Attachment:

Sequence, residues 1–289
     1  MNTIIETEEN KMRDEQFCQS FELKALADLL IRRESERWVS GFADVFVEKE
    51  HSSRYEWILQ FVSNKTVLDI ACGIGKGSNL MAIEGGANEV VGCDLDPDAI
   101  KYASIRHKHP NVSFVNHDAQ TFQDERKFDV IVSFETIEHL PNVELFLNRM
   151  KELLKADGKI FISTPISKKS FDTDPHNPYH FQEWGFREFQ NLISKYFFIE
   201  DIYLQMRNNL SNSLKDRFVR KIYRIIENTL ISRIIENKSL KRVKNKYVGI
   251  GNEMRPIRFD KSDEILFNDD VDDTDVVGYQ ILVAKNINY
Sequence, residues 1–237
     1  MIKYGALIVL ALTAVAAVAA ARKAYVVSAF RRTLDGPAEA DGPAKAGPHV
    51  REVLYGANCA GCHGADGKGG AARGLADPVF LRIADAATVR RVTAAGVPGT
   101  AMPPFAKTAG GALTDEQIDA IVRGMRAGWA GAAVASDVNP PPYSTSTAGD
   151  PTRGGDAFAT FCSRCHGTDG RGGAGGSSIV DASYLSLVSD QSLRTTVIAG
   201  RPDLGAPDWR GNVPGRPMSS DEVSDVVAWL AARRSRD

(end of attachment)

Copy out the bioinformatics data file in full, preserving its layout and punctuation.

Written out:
Sequence, residues 1–289
     1  MNTIIETEEN KMRDEQFCQS FELKALADLL IRRESERWVS GFADVFVEKE
    51  HSSRYEWILQ FVSNKTVLDI ACGIGKGSNL MAIEGGANEV VGCDLDPDAI
   101  KYASIRHKHP NVSFVNHDAQ TFQDERKFDV IVSFETIEHL PNVELFLNRM
   151  KELLKADGKI FISTPISKKS FDTDPHNPYH FQEWGFREFQ NLISKYFFIE
   201  DIYLQMRNNL SNSLKDRFVR KIYRIIENTL ISRIIENKSL KRVKNKYVGI
   251  GNEMRPIRFD KSDEILFNDD VDDTDVVGYQ ILVAKNINY
Sequence, residues 1–237
     1  MIKYGALIVL ALTAVAAVAA ARKAYVVSAF RRTLDGPAEA DGPAKAGPHV
    51  REVLYGANCA GCHGADGKGG AARGLADPVF LRIADAATVR RVTAAGVPGT
   101  AMPPFAKTAG GALTDEQIDA IVRGMRAGWA GAAVASDVNP PPYSTSTAGD
   151  PTRGGDAFAT FCSRCHGTDG RGGAGGSSIV DASYLSLVSD QSLRTTVIAG
   201  RPDLGAPDWR GNVPGRPMSS DEVSDVVAWL AARRSRD